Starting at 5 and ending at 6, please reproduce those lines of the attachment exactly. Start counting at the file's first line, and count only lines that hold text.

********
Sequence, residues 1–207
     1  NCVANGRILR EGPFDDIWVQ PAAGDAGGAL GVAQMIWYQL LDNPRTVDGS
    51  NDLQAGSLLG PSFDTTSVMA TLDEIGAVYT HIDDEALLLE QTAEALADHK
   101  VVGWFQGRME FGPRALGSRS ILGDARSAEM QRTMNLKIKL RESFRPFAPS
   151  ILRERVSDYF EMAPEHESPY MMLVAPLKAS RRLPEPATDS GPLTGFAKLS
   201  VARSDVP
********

   151  ILRERVSDYF EMAPEHESPY MMLVAPLKAS RRLPEPATDS GPLTGFAKLS
   201  VARSDVP